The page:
Let’s talk about the “alt-right”

Oh boy, this is a topic that is a potential can of worms. But, let’s about about the so called alt-right.

The alt-right, which came into mainstream prominence after Hillary mentioned them at a speech last year, is a very divisive entity in and of itself. Go anywhere online and you will find threads upon threads of the dankest of memes (and pepe) in support of some alt-right cause. Or, you will see mainstream progressives rail against how evil and racist the alt-right is; making it the new political boogeyman in this current internet age. When one thinks about it, it doesn’t seem too far off. Sites like the Daily Stormer and people like Richard Spencer, both of which express nationalist (white or otherwise) views, either claim to be alt-right or are attributed to being a part of the alt-right. Milo Yiannopoulos, who has been seen by some as a face of the alt-right for about the past year-ish or so, is a person of immense controversy. Usually he is just protested, but about a week ago a riot broke out at UC Berkeleycourtesy of everyone’s favorite “anti-fascists” ANTIFA. Anytime anything remotely resembling western nationalism rises its head, it’s almost a necessity that the alt-right will be brought up and be a source of scorn and vitriol.

However, what if I told you that the alt-right isn’t a real thing?

good-night-alt-right

What did Pepe do to deserve this, mang?

Okay, it’s “real” in that there are people who identify as alt-right, but unlike virtually any other political entity in the US, there is no structure, no consistent political platform, and no real organization. The term “alt-right” was coined by a guy named Paul Gottfried (not Richard Spencer) who in 2008, called for an alternative right as an antithesis to what he saw as a neo-conservative stronghold on the American right.

That, quite literally, is it. At its core, all the alt-right is, is someone (or something) that is vaguely right wing and doesn’t identify with the mainstream American right. Aka, neo-conservatives and the majority of the Republican party.

With such a vague base, and no actual core organization, this can apply to literally anyone that isn’t a NeoCon Republican. This can apply to many people and ideologies, including but not limited to: Fascists, National Socialists, Libertarians. Anarcho-Capitalists, Paleo-Conservatives, Monarchists, Theocrats, Neo-Reactionaries, Classical Conservatives, right leaning Populists, Far-right militarists, and your run of the mill center-right independents.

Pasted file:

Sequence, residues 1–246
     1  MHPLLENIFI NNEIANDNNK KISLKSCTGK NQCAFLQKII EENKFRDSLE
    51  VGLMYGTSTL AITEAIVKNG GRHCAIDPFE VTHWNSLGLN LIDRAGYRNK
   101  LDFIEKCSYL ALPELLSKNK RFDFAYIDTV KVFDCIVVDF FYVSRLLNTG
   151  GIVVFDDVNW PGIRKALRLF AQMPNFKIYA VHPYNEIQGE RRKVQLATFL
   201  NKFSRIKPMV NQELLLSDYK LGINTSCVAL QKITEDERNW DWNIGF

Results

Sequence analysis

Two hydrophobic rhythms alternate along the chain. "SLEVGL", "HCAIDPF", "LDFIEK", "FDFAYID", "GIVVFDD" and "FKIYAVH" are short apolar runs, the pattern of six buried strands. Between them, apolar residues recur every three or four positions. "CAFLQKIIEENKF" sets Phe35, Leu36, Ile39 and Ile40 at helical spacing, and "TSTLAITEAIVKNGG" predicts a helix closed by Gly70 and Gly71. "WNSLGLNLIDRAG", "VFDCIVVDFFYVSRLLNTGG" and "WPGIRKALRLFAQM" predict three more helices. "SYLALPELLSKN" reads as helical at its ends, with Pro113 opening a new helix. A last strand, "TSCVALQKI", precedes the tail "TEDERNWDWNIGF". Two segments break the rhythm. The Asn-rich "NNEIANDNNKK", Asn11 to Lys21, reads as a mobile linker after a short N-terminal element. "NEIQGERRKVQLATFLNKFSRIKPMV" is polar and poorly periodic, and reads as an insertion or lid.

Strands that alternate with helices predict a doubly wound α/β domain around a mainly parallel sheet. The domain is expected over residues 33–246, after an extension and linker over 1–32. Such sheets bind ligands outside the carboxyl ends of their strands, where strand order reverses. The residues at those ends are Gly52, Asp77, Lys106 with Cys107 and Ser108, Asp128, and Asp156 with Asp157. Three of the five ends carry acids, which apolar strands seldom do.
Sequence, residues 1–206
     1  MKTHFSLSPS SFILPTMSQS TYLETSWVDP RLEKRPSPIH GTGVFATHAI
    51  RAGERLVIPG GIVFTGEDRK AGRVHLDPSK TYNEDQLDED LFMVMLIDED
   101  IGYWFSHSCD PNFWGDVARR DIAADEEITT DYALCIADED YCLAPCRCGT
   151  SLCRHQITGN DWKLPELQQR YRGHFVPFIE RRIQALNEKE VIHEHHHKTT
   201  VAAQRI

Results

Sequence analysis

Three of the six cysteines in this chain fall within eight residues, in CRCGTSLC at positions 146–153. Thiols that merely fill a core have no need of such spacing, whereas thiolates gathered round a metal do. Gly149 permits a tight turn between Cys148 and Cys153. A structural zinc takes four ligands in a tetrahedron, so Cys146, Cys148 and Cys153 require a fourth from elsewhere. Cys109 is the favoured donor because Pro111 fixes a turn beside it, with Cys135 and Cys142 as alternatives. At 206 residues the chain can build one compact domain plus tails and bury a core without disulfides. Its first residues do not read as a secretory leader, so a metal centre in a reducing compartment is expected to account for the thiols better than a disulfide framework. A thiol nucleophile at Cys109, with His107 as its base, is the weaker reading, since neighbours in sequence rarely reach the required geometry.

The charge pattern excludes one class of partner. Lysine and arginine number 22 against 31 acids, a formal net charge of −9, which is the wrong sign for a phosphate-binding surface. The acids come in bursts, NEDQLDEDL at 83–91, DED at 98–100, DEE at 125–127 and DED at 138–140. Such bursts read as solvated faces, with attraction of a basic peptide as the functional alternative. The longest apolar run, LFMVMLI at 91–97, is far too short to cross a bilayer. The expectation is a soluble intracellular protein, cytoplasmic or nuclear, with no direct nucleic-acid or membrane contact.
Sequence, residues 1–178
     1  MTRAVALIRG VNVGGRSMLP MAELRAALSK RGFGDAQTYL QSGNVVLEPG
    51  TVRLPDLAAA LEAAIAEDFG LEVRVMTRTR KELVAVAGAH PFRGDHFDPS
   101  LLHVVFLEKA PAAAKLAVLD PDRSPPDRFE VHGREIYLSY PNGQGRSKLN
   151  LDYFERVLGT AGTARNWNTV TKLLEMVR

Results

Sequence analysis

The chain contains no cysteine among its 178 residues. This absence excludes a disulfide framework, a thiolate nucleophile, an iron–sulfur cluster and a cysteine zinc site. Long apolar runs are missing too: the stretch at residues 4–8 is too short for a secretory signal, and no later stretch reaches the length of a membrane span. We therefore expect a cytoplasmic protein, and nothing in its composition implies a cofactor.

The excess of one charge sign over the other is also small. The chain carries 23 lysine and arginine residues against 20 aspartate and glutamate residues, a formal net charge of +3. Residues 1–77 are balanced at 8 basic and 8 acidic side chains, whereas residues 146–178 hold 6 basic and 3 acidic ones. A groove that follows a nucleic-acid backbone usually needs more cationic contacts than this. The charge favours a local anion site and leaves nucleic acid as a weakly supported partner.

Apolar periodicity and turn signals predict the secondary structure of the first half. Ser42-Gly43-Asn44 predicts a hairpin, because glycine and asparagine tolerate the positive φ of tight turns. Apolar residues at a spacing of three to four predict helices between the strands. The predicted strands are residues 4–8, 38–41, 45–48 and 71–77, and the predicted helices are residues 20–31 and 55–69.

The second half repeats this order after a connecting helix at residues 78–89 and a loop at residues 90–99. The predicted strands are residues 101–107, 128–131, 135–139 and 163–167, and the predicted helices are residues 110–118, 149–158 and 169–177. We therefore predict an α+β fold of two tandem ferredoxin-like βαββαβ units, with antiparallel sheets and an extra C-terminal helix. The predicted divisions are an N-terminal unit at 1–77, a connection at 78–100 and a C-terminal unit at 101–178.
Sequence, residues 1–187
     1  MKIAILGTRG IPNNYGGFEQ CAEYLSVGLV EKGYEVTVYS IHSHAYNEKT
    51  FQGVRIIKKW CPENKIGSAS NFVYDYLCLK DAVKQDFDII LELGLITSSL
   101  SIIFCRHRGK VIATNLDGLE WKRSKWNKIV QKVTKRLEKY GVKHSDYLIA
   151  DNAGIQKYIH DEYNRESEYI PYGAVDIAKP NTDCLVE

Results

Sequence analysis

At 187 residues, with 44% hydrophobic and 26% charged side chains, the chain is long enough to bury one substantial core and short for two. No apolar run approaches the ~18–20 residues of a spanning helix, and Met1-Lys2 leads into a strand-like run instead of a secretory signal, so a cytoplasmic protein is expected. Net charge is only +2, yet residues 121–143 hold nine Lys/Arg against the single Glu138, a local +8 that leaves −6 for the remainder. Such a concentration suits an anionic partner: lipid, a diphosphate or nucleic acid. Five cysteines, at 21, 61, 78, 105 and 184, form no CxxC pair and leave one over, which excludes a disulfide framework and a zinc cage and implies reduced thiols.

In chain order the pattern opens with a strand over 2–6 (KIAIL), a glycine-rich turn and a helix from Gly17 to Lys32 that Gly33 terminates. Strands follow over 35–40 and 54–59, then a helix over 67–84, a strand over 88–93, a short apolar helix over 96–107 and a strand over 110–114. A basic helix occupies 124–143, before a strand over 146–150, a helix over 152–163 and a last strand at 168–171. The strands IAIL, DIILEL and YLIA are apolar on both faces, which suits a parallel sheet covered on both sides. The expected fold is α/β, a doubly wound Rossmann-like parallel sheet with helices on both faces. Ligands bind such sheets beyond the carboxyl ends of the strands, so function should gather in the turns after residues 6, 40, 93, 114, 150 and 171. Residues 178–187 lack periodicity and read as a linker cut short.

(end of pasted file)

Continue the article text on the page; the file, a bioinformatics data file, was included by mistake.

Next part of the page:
What about the nationalism that is so often equated with the alt-right? Even that isn’t unified or necessarily shared by all, but I will concede that it is probably the one thing in common that many people who identify as alt-right share. Vague as it may be. At best, it may be a mild form of western or American nationalism were everyone, regardless of race, gender, or sexuality are a part of it. At worst, it is full blown white supremacy. With no real ideological unity, it’s a free for all with who is a “real” alt-righter.

Although I don’t carry the title of “alt-right”, I technically could be considered one. I’m fairly conservative minded, I absolutely hate the neo-conservative mentality and foreign policy that has been core to American conservatism in the past few decades, I’m pro-western values, pro-western education, and I believe that all people regardless of their race, nationality, religion, gender, or sexuality can be accepted as “western” so long as they accept such values. Yet, I am against racism, white nationalism, and recognize that most people (on the internet at least) who identify as alt-right are provocateurs, meme-tastic college students, or reactionaries. There is no real power in what they do, say, or promote. There is no organization, no real platform, no core connection. All they have are perceived numbers and, despite what the mainstream will tell you, they aren’t a real threat. At all.

In a way, this is a shame because in all honesty, there should be a legitimate alternative right in the United States. As well as an alternative left. Both mainstream political parties are just husks of their former selves and are truly not that different from one another. Both are out of touch with the common person and both are bedfellows with corporations and their own self-interests. People are sick of being jerked around my these two entities and want another way. Yet, the continuous cycle of these two parties is something that people just can’t seem to break. I truly believe that if viable alternatives came around, real change could begin it’s initial stages.

Maybe one day this will happen. I just don’t think it’ll happen with the likes of Richard Spencer being paraded around or with badly drawn, post-ironic memes. As funny and dank as they are.